Sunday, 28 June 2015

Monkeys, Music and Mirth

And so the evening arrived when we were to meet outside the Queen's Head public house in Downe, Kent. There is always that slight doubt that anyone will turn up to it as people who say they will come have change in plans.

So as Duncan and I pulled up in my car we saw three people bedecked in running kit approach the pub and then two others scuttle from different directions to join us all.

As we stood there waiting for the church bell to strike 8 we chatted and laughed we were approached by a colourful local gent (read as the village drunk) who was attracted to our gathering. It was here I interrogated the poor soul on his local knowledge which was pretty impressive but it became a little uncertain when he mentioned that the pub we were running too was hit once by a jet and that 747 jumbo jets could land  at the local airport. Luckily the bells chimed and we jogged off into the hot and humid evening.

We were aware that there was loud music being played from some far away place and assumed that it was a local farm who once had demolition derby's  and concerts but as we dipped away from Charles Darwin's house into the local valley the music was muted by the trees. Everyone was chatting and laughing about things and it was turning out that the pack was beginning to enjoy it even as we took the sharp ascent to Bigging Hill Airport. As the route for night runs is a closely guarded secret until the day a few of the experienced trail runners in the group were not aware of the path that runs around the perimeter of the airport which was so pivotal in WWII as a first line defense against the invading armies, around it are remnants of buildings rotting away in the woods which now hide the scars of many a bomb. In fact little did the pack know but we ran past 5 locations within 100 metres of us where a HE bomb exploded between Oct. 7, 1940 and June 6, 1941 

Now the music got louder and as we ran around the border and into a waist high corn field it slowly dawned on me that is was the pub we were going to that was the source, we joked that it was almost a good reason not to wear headphones.

As we got to the pub the band had just one more track to do before it too had a break and we were able to tuck into our ales of choice, I decided to go for a very cold cider as the evening was hot and humid such that I was dripping wet. So, with the sun setting over the pub we got up to leave but not before one of the other colourful characters (read as the other village drunk) told me "To look out for the wild boar in the woods" I smiled and replied "I think I have just met it" and left through the door sharpish.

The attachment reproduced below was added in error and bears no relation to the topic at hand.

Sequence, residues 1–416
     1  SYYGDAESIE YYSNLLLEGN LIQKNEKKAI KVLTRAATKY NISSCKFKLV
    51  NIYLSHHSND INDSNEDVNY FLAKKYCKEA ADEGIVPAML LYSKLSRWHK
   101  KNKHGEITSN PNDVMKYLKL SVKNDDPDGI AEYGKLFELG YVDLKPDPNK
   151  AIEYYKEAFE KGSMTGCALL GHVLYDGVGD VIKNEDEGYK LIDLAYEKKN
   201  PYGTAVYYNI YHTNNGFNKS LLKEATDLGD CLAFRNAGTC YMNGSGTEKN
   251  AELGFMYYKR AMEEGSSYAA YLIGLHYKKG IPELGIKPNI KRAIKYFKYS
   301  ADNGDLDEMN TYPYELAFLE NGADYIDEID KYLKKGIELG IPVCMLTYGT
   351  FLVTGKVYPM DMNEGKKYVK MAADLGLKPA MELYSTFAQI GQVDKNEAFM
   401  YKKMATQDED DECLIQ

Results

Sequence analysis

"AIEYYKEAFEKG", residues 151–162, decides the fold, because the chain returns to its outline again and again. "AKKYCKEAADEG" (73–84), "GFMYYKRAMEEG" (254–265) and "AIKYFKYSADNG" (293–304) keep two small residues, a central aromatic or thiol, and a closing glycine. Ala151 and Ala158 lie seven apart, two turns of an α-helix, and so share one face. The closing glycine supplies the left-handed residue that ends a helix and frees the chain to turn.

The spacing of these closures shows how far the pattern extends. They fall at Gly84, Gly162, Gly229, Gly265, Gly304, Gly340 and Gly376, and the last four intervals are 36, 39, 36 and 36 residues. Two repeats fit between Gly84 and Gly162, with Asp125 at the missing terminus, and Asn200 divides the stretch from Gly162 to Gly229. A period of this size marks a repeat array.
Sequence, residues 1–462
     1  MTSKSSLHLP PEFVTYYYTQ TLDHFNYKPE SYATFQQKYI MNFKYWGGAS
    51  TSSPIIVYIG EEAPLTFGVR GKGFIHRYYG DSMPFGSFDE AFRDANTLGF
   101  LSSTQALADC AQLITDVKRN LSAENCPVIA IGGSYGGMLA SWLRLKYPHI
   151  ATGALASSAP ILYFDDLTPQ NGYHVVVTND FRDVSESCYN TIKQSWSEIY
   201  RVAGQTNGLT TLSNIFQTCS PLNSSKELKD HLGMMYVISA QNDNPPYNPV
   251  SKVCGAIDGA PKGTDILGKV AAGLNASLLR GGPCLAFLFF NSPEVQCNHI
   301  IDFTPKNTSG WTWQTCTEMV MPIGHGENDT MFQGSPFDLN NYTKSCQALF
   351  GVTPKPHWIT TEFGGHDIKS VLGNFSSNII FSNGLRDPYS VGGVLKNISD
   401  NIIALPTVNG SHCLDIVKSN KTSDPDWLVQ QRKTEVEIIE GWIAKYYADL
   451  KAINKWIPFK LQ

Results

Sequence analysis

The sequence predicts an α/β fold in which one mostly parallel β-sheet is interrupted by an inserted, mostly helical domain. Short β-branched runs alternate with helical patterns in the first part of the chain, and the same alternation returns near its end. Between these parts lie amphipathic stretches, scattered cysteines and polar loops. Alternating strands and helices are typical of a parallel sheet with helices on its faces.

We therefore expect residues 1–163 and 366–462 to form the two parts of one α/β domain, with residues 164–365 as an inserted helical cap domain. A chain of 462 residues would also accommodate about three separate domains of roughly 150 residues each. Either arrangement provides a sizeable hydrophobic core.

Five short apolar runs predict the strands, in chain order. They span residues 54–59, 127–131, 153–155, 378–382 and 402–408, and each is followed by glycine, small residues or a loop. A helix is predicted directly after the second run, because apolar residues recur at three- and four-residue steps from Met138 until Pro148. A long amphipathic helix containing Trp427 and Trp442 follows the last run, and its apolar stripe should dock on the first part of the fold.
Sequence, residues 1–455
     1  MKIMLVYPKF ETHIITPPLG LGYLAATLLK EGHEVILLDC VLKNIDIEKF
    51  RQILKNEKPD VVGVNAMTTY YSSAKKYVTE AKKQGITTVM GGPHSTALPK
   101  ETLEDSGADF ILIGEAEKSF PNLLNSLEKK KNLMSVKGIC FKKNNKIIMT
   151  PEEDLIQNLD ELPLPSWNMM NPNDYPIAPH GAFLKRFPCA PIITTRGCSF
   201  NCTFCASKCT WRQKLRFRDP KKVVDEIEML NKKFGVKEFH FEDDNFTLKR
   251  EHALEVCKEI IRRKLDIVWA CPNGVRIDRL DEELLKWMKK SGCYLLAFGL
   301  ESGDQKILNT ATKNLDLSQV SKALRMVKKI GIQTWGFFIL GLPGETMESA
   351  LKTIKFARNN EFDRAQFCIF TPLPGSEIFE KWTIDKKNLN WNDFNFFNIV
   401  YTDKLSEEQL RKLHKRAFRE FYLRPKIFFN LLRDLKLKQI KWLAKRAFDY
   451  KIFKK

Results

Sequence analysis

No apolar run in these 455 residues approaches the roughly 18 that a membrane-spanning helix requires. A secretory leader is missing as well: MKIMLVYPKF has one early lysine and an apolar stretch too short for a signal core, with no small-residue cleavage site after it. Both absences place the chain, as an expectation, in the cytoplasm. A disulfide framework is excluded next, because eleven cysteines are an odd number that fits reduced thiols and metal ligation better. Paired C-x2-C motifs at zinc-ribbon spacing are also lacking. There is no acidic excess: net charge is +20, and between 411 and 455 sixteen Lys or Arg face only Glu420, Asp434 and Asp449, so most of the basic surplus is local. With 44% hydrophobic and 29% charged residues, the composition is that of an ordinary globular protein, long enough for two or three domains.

So the run went on but not before Duncan and I made a detour and ran up to a 10 bar gate to the bemoans of Karien who has fell victim to some of my "detours" but Duncan soothed her furrowed brow by telling her this was part of the original recce and without question we all clambered over it to continue our run along the tractor tracks. I got lost in the moment and enjoyed running my hands through the ears of the wheat whilst the others laughed and chatted behind me with their bellies full of beer.

As the dark began to fall, running under the trees was becoming more difficult such that a torch was needed for parts of it but in open arrears you could still navigate. After a quick break to look at a bomb damaged derelict building we continued on running through a golf course and up the valley to retrace our steps to the pub we stood outside a few hours before to take in one more ale or cider pleased with our run together.

Great times, great run, great company.

1 comment:

  1. Great times, great run, great company: I hope to write this sentence many times on my blog.